The U.S. Air Force has long monopolized the job of controlling combat aircraft in support of army ground troops. Until about two decades ago, all of these "air controllers" (or FACs, for "Forward Air Controller") were pilots. But it was always a problem getting sufficient pilots to volunteer for this duty, and the training for the job was taking longer and longer. Moreover, in the late 1970s, the air force began assigning air controllers directly to specific army combat units. In the past, the controllers lived at an air base, only joining with an army unit for training or actual operations. This often created problems, as the army troops were leery about working with a bunch of "strangers." With air control parties (the officer who called in the air strikes and several enlisted airmen to help with the equipment) assigned to army units, more air force personnel were needed for this duty. So in the early 1980s, a new job category, terminal air controllers, was established and staffed with sergeants.
Currently there are 980 enlisted terminal air controllers and 350 officer combat controllers. These 1300 air force personnel are something of an elite force. Most have gone to jump school, and taken much army combat training (including, for some, sniper school). They serve full time with the army units they support, distinguished in the field only by their unique air force rank badges (for the enlisted troops only, as air force and army officers use identical rank insignia.) The air force personnel are considered combat qualified, and in Afghanistan and Iraq many of them found themselves using their M-16s against nearby threats, as well as calling in bombs from overhead warplanes. In fact, fighter pilots serving as controllers on the ground suffer a much higher casualty rate than then their brethren who are still flying. This was even the case in Vietnam, where seven percent of the 3,000 air force controllers were killed in action.
In Afghanistan, the air force had plenty of controllers, so much so that they were able to keep out navy ground controllers (who also handle gun fire support from warships, which was not an issue in landlocked Afghanistan.) The navy was not happy with this, but the air force did have the situation covered. Iraq was a different story, and there were shortages, even with the navy controllers present. At this point, the army and the marines realized several things. One, the GPS smart bombs made bombing missions close to the troops much more popular. Combat commanders now wanted someone in each platoon to call in air strikes. Second, the equipment needed to call in air strikes was lighter, there was less of it and it was easier to use. Third, the air force sergeants who were doing most of the controller work were very, very good. The conclusion was that the army and marines wanted to train some of their own NCOs for these tasks. They had seen how the air force did it (two years of on-the-job training as an assistant to an enlisted controller, then months of formal training), and knew they had people who could do it as well.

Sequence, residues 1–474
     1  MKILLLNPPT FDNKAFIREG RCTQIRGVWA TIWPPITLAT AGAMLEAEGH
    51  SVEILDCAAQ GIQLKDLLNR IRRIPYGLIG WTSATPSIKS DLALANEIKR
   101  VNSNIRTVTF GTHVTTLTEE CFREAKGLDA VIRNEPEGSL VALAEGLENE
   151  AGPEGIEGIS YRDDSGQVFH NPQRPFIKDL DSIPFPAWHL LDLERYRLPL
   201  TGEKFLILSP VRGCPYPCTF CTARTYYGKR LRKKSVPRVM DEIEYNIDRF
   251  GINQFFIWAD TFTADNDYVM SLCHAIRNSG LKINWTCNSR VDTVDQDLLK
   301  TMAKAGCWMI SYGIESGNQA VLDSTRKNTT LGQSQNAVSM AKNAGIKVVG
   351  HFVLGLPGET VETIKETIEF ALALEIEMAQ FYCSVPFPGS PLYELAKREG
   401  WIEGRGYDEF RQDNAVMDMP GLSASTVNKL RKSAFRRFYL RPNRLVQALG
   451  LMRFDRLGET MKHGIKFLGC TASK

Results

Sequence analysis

The air force is cooperating in the training of army and marine sergeants and officers to be controllers, and doesn't see it's own controllers going away. The air force officer controllers, who command the enlisted controllers and take care of larger issues (like arranging for air dropped troops or supplies and the use of improvised air fields during combat, and so on) are always going to be needed. The air force NCO controllers are another matter. When the air force began training sergeants to be controllers, they found there were many young air force NCOs who wanted that kind of job. There are always far more volunteers than there are open positions for new terminal air controllers. But it would cost the air force over a hundred million dollars a year to supply as many controllers as the army and marines now want. But the air force may be able to save some money if they help train army and marine NCOs to be controllers, and maybe even cut back on the number of air force NCOs doing this work.